Wat Langkha Dam is a restored temple ruin situated within the Ayutthaya Historical Park in the Bueng Phra Ram area in the Tha Wasukri Sub-district.

The ruin is south of Wat Langkha Khao, north of Wat Sangkha Pat, west of Wat Maha That and east of the defunct temple Wat Jan (3).

Wat Langkha Dam stood on the west bank of a small canal called Lam Khu Pak Sa (Lit. the ditch to the pond's mouth). This small watercourse diverted water from the old Lopburi River (a stretch called today Khlong Mueang) through the Maha Thera Mai Sae tunnel gate in the city wall and through the area presently called Bueng Phra Ram. The water ran through earthenware pipes under the Elephant Road, passed Wat Yan Sen and Wat Chum Saeng, then ran under the Palace Road to continue further south to join the Pratu Thep Mi Canal. [1]

A mid-1850 century map shows Wat Langkha Dam in line with Wat Suwan Chedi and Wat Ratcha Burana. Lam Khu Pak Sa separates Wat Langkha Dam from Wat Suwan Chedi, while Tha Kalahom Road separates Wat Suwan Chedi from Wat Ratcha Burana. Wat Langka Dam was as thus in the location of Wat Chum Saeng today. Whether Phraya Boran Ratchathanin had the mid-1850 century map or not is unknown. Still, he situated Wat Chum Saeng on Wat Langkha Dam's location instead and shifted Wat Langkha Dam in between Wat Langkha Khao and Wat Sangkha Pat on his 1926 CE map.

Wat Langkha Dam was built on an east-west axis, with a rectangular building on a raised foundation and a chedi to the west. The building was an ordination hall or ubosot because the foundations of the boundary stones or sema are visible.

On the premises are also some foundations of minor chedi and a small stupa on the northwestern side. The ubosot is set on a raised foundation and reached by a couple of stairs. The entrance is in the east. The walls are still standing, but the roof is missing. There is a window on each side, shedding some light on the main Buddha image in earlier times as the image lacks today. There are traces of an altar and the foundations of pillars supporting the roof.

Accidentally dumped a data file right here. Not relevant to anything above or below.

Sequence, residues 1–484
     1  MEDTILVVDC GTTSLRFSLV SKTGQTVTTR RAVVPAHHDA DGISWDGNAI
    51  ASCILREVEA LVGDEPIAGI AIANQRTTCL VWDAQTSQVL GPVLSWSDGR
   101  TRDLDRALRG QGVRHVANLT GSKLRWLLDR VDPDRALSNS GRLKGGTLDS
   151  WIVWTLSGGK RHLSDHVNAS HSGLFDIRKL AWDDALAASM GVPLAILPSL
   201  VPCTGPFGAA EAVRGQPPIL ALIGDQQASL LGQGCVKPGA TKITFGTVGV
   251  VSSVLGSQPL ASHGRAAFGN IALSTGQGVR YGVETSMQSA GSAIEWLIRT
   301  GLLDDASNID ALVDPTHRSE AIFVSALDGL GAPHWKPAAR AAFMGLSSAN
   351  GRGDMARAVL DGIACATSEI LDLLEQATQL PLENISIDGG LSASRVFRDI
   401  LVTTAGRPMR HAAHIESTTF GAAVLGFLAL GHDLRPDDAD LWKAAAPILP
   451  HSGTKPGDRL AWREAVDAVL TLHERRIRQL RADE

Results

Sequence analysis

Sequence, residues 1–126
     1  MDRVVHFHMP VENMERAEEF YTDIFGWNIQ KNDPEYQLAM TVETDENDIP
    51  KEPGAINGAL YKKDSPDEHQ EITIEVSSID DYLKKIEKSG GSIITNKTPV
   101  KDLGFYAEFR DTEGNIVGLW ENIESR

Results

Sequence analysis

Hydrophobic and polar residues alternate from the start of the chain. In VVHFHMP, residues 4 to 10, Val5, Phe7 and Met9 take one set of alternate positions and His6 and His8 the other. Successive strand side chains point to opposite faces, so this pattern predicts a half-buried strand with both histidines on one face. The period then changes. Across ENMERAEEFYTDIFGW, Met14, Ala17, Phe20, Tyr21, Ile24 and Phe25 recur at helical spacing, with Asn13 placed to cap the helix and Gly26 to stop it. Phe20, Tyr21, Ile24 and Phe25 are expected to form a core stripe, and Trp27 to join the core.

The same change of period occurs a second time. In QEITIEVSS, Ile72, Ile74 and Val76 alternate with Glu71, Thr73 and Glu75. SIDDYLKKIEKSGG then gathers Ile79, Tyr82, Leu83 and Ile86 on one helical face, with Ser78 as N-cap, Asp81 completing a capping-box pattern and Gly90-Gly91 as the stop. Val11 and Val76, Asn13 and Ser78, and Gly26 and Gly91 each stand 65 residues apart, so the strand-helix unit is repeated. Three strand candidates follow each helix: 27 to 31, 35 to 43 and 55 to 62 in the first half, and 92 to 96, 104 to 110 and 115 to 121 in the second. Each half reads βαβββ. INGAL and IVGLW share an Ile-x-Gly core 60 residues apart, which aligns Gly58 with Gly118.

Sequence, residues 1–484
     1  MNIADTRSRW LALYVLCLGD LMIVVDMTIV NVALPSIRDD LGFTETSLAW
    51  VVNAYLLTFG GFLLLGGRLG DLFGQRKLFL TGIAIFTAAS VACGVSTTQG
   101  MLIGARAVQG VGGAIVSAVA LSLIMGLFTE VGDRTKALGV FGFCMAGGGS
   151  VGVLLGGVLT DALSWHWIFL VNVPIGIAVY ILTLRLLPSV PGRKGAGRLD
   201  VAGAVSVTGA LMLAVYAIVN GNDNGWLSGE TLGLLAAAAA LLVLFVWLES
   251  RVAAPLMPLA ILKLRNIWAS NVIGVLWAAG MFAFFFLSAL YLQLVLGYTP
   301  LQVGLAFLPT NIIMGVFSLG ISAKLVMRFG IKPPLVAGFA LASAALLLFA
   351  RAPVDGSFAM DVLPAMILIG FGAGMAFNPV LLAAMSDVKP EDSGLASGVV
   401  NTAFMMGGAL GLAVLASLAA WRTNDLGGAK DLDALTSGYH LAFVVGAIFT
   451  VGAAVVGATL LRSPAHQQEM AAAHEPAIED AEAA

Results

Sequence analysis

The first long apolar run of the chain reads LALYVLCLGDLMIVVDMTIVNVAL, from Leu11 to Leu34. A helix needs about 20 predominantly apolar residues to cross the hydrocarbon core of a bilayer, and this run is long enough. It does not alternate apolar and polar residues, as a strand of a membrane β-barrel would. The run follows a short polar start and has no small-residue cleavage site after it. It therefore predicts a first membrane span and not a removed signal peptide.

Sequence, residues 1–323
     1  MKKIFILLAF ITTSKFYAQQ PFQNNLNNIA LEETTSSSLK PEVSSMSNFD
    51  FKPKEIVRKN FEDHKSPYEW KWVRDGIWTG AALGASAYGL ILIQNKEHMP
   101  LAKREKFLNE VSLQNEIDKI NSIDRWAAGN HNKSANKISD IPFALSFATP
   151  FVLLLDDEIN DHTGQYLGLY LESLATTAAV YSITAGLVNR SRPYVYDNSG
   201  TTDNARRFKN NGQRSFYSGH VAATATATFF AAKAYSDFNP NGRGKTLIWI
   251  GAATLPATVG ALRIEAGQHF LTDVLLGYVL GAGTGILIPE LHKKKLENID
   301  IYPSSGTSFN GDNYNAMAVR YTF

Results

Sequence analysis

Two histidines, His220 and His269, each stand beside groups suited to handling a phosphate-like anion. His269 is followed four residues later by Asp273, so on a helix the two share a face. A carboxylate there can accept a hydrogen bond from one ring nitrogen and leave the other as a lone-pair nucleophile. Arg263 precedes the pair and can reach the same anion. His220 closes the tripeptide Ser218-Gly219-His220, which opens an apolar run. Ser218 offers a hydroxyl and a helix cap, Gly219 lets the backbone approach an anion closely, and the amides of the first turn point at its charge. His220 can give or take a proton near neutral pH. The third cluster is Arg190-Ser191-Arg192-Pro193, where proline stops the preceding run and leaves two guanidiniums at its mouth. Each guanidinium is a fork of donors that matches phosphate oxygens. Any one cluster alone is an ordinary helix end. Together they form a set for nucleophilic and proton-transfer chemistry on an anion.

The chedi stands on an octagonal brick base, merging into a high round drum and followed by a bell-shaped dome. The square harmika is damaged and lost its columns, which are so typical for the Ayutthaya architectural style. The tapering conical spire or umbrella is incomplete, missing some discs and the top knob. We can conclude that the chedi follows the style of the Middle Ayutthaya Period.

The stupa on the northwestern side stands on a square base, while the drum and the dome have three rabbets on each angle. The twelve-rabbeted-angled chedi style is typical of King Prasat Thong's reign (1629-1656 CE). Its architectural style dates back to the Late Ayutthaya Period (1629 - 1767 CE). In the dome or relic chamber sits what looks like an arched niche, but it can also be a hole made by looters.

A low outer wall likely surrounded the temple compound, but I found no traces at the time of visit.

Engelbert Kaempfer's original sketch of 1690 has no traces of this temple where the Fine Arts Department positions Wat Langkha Dam.

Wat Langkha Dam's historical data is unknown, but there could have been some connection with Langkha Khao, given the similarity in names.

Wat Langkha Dam is in geographical coordinates: 14° 21' 21.43" N, 100° 33' 53.18" E.


[1] Athibai Phaenthi Phra Nakhon Sri Ayutthaya kap khamwinitjai khong Phraya Boran Racha Thanin - Explanation of the map of the Capital of Ayutthaya with a ruling of Phraya Boran Rachathanin - Revised 2nd edition and Geography of the AyutthayaKingdom - Ton Chabab print office - Nonthaburi (2007) - page 53.